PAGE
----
It’s easy to forget London is a multicultural bubble. Big cities across the UK can be described as melting pots of all ethnicities and socioeconomic backgrounds. As the host for the night, Kieran Yates, boldly stated- the coming together of cultures is partly due to the social housing schemes from the late 50s onwards. As a result, densely populated areas became, what I like to call “seasoned”.
So, what has multiculturalism got to do with music? The answer is everything. In recent years people have run towards cultural identity rather than shying away from it, musicians included. Artists have embraced their heritage to the point where it is no longer seen as a hindrance and in turn, expressed through their work. We hear Yoruba, Twi, Arabic and other prominent languages in songs that top the charts and it needs to be properly acknowledged. That is why Coded Language as an event was crucially important.
Coded Language was held as part of Red Bull Music Festival in hopes to discuss how certain forms of speech (slang) has seeped into everyday life and consequently into the music we listen to. It was fitting and extremely apt that it was curated in the British Library, as talents like Wretch 32, AM (AM X Skengdo) and Bridget Minamore explored why Rap, Trap and Drill aren’t being archived in the same way other genres are. After little deliberation and jokes that held a lot of truth, it was clear that the artistry is being overlooked. AM was quick to speak about how violence isn’t the focus of Drill music but is the main takeaway from the mainstream audience. It was better explained when we spoke to Bridget about it, in more detail.
The night wasn't completely filled with scrutiny. There were copious amounts of positivity concerning how slang promotes the merging and amalgamation of worlds. Many words rooted in our coded speech derive from different languages, even if they may not be directly related to us. So, when you hear a Gambian artist like J Hus using Twi nouns like bonda and bonsam in Did You See, it doesn't come as a shock. If anything, it encourages his fans and avid listeners to take their curiosity a step further and research into the countries the languages origniate from. Another example that was brought up by Kieran and Steel Banglez (a track he also produced) was Mist's Karlas Back. Karla is a play on words from 'kaala' in Sanskrit, but borrowed by both Hindi and Tamil as everyday slang - referring to black people. It's reflective of Mist's upbringing in a predominantly Asian Community in Birmingham. These are facts I would have no idea about if I hadn't heard the song, and I'm sure it's the same for others that listen to Mist.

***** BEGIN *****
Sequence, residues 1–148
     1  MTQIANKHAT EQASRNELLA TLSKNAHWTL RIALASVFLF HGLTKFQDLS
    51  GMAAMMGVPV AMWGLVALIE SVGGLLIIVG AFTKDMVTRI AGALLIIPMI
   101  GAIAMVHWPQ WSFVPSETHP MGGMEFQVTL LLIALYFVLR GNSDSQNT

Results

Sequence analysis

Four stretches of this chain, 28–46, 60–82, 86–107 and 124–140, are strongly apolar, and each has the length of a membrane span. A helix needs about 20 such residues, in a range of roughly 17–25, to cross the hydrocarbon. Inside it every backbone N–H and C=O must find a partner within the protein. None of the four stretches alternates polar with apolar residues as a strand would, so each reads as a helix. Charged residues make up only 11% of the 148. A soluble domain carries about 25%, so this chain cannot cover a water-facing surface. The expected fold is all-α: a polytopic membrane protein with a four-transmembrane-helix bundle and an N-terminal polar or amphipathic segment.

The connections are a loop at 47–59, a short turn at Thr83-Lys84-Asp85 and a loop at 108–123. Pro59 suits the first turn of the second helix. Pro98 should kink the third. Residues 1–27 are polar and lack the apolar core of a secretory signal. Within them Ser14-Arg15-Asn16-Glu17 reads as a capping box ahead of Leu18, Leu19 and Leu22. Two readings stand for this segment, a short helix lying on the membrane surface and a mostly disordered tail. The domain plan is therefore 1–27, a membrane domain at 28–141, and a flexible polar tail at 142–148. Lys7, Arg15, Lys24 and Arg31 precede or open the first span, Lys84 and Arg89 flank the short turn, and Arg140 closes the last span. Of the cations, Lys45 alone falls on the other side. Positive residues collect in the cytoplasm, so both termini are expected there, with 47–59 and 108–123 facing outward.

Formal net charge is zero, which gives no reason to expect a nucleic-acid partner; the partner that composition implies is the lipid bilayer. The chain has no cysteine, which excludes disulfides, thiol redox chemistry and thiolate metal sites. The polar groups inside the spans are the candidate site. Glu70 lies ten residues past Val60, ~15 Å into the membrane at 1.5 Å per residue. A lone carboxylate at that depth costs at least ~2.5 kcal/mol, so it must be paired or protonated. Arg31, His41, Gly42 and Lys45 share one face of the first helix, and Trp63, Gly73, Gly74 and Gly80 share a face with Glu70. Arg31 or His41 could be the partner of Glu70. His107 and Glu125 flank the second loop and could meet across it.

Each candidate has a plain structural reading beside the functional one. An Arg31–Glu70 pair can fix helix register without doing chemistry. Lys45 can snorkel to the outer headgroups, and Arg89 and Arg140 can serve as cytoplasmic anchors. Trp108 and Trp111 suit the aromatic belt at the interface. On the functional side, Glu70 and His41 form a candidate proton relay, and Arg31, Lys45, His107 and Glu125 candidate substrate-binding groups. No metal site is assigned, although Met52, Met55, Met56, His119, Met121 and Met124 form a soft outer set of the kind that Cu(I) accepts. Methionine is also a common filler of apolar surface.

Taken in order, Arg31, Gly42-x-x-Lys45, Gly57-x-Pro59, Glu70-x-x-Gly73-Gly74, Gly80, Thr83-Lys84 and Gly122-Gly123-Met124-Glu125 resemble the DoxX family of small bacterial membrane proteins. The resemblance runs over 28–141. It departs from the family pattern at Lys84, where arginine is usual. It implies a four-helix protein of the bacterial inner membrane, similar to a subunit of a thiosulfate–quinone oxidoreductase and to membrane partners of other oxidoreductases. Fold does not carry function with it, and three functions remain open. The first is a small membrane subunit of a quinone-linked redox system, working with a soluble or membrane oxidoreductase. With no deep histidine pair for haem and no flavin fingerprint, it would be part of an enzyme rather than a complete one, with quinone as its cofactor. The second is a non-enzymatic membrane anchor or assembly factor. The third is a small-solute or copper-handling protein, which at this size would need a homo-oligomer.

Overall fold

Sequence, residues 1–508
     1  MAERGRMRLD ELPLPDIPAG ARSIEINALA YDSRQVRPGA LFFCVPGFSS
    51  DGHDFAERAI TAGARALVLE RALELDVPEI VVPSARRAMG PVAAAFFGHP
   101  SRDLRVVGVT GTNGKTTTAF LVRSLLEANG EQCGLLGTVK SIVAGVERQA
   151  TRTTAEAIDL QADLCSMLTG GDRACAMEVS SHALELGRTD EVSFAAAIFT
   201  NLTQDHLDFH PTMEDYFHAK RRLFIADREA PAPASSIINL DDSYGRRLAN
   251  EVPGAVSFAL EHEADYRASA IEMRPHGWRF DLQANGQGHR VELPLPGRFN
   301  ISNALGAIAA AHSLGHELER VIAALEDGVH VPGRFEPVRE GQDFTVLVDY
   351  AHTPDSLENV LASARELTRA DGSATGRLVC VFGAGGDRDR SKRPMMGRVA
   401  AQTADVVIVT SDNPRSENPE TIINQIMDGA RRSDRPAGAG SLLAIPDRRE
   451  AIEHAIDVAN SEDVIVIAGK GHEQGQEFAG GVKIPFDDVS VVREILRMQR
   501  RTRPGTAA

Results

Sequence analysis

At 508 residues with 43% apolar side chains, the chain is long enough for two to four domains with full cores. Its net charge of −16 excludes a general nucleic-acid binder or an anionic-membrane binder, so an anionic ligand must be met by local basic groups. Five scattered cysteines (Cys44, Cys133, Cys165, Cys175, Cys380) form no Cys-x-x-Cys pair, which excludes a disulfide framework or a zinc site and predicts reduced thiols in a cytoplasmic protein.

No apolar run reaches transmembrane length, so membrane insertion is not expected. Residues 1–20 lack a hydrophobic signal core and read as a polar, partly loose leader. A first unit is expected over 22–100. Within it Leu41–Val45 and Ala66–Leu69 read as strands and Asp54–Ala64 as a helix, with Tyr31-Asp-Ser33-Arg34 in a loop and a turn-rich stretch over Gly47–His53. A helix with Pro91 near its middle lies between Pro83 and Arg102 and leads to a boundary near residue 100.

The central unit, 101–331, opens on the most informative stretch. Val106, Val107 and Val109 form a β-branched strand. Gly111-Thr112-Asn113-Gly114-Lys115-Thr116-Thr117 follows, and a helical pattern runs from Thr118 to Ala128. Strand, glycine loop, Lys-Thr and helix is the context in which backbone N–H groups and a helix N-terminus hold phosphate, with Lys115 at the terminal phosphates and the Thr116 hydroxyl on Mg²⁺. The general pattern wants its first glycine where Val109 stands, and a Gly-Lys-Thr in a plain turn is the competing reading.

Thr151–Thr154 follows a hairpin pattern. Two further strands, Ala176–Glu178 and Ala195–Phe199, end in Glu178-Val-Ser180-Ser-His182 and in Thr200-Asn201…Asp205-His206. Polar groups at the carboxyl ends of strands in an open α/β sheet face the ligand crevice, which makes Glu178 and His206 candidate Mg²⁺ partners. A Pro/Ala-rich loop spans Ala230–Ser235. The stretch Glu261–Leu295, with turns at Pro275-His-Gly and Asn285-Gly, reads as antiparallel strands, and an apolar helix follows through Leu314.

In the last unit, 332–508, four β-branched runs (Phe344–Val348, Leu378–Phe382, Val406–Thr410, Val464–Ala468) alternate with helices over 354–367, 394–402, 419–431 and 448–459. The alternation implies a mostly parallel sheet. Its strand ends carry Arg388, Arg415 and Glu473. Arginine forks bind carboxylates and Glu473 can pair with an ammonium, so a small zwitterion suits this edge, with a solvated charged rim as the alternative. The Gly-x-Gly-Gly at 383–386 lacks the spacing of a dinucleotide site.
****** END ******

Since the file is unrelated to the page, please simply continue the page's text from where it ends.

Recognising colloquialisms and idioms in pop-ular music is also important as part of the diaspora. Something that stood out was Wretch's story about when he referred to himself as British when someone asked where he was from at the age of 13. When he got home his mum scolded him and he went on to say to the audience,
"It's not about where you are, it's about where you come from."
The contrast between growing up African, Caribbean and Asian in the 90s, as opposed to now, is that there is more representation within the British music industry. Those in my generation came to the conclusion of dual identity at later stages in life, whereas young children are already aware that their individuality is not one-dimensional. And music has a significant role to play in that. With that being said, this so-called representation is a recent happening and is still not at proportionate levels: both in quantity and recognition. Whether Drill, Trap and Rap will reach the heights other genres have is another question, and frankly besides the point. Instead of fixating on clickbait headlines and the stigma surrounding these musical styles, we should continue to focus on the positive impact it already has in its infancy of success.
Coded Language was part of Red Bull Music Festival which runs until 14 September 2019. For tickets and event details, head to redbull.com/london.